... Their body language is also complex, and the position and activity of their arms, tails and ears are all significant (Bates, 2014). Individual squirrels may display particular character traits, demonstrating more or less aggression, curiosity or willingness to tolerate risk (Cooper, Neff, Poon & Smith, 2008). ...
... But the systems that link humans and squirrels within the urban environment are constantly changing, producing new kinds of relationships and interactions. At the micro level, the presence of students and other human beings on campus has a cumulative effect on squirrel behaviour, making them less likely to flee both people and dogs (Cooper et al., 2008). At the macro level, many students travel to and from campus using vehicles that produce greenhouse gases, contributing to wide-reaching environmental change that impacts the lives of local gray squirrels among many other living creatures. ...
... This assay is similar to the widely used flight initiation distance test, where an observer approaches an animal to determine the distance at which the animal starts to run away (Ydenberg and Dill 1986), but here the goal was to determine the degree of an individual sea lion's response to human approach. It is similar to the methods used in a previous study on Galápagos sea lions (DeRango et al. 2019) and in other species, such as eastern gray squirrels (Cooper et al. 2008). To conduct this approach assay, an observer stood 6 m away from the focal sea lion and then slowly walked (~1 m s −1 ) towards its head. ...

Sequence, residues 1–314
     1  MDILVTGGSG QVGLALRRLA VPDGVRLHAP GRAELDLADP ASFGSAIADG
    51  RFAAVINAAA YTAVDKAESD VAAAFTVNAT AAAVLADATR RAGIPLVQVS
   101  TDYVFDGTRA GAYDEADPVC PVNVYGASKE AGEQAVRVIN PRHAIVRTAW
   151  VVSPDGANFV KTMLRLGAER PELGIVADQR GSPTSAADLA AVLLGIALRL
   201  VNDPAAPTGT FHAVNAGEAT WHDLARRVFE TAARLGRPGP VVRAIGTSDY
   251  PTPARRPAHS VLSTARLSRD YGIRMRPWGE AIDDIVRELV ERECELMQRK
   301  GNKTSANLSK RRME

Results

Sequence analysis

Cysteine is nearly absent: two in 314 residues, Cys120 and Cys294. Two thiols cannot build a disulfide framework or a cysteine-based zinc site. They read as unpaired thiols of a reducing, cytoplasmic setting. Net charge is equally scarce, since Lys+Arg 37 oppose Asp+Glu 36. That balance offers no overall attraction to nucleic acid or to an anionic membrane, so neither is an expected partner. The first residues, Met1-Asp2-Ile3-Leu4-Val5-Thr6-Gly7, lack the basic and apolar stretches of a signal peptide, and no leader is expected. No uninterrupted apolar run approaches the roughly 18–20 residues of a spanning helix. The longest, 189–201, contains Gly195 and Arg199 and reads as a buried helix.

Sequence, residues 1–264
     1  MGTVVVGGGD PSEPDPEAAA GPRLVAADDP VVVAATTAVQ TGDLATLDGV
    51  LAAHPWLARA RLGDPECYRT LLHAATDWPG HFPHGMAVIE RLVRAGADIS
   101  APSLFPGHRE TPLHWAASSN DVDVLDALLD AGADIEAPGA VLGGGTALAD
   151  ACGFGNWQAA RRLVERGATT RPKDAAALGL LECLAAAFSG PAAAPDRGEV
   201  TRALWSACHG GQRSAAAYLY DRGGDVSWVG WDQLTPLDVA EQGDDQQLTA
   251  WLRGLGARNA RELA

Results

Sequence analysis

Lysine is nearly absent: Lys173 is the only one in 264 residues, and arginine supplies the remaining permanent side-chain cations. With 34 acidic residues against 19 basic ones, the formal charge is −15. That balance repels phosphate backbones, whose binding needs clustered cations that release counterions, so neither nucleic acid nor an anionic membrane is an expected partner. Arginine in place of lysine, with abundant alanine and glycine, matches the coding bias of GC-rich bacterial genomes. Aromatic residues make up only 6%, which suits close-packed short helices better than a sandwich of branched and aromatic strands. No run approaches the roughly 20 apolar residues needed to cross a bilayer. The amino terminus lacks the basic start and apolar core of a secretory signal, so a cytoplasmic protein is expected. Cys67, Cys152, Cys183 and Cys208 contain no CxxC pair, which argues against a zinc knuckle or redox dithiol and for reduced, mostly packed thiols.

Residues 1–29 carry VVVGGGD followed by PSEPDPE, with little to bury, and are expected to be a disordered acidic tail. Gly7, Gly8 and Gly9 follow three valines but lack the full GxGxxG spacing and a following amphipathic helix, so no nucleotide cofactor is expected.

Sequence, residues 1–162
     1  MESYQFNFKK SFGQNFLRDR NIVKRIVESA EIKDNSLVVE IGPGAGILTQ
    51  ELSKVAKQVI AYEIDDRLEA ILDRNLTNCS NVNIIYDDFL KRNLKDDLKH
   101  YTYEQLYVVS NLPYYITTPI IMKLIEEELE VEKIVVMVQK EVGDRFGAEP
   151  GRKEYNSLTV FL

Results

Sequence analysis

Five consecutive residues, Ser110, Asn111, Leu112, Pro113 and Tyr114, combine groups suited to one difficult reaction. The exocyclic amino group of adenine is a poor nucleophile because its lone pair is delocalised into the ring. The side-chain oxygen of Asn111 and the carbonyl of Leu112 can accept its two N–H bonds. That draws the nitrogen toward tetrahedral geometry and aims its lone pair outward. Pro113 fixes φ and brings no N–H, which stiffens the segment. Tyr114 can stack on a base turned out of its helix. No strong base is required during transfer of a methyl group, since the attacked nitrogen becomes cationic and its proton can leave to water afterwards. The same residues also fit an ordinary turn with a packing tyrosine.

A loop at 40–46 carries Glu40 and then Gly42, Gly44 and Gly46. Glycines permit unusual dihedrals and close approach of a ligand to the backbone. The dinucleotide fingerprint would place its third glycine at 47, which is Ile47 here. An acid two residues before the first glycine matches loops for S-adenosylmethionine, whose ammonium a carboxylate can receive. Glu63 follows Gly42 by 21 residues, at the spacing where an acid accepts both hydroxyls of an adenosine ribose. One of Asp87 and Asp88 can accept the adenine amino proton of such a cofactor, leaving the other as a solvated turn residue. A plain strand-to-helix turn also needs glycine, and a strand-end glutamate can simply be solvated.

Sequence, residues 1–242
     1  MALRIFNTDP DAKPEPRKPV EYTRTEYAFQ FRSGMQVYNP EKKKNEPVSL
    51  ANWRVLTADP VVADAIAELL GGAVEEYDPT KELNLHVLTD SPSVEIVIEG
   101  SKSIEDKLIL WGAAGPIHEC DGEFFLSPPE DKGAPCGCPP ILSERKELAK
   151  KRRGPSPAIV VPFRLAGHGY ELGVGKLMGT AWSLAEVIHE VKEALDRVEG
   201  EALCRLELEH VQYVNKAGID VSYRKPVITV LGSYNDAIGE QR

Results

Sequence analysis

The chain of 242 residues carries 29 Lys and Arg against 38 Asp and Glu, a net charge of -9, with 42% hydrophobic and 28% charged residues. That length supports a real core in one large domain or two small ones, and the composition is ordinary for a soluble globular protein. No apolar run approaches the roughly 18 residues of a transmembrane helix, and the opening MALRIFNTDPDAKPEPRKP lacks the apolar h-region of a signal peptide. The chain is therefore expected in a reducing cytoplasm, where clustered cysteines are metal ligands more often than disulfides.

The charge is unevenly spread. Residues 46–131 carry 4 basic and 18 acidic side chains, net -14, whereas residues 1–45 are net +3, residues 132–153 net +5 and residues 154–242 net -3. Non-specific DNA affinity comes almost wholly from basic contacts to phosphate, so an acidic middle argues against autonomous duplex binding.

... The approach stopped, either when the sea lion began moving toward the observer, or when the observer came within 2 m of the sea lion -the Galápagos National Park's minimum required distance from wildlife. Finally, the observer rated the sea lion's reaction to their approach on a scale of 0-5, with scores of 4 and 5 representing aggressive reactions: 0: the sea lion's eyes were closed (possibly asleep) and the sea lion did not react 1: the sea lion's eyes were open and the sea lion did not react 2: the sea lion lifted/moved its head to look at the observer 3: the sea lion moved away from the observer 4: the sea lion vocalized (growl or bark) 5: the sea lion moved toward the observer This 0-5 scale is an adaptation of the scales used to measure behavioral responses to human approach in squirrels (Cooper et al. 2008), polar bears (Dyck and Baydack 2004) and sea lions (Orsini et al. 2006, DeRango et al. 2019. ...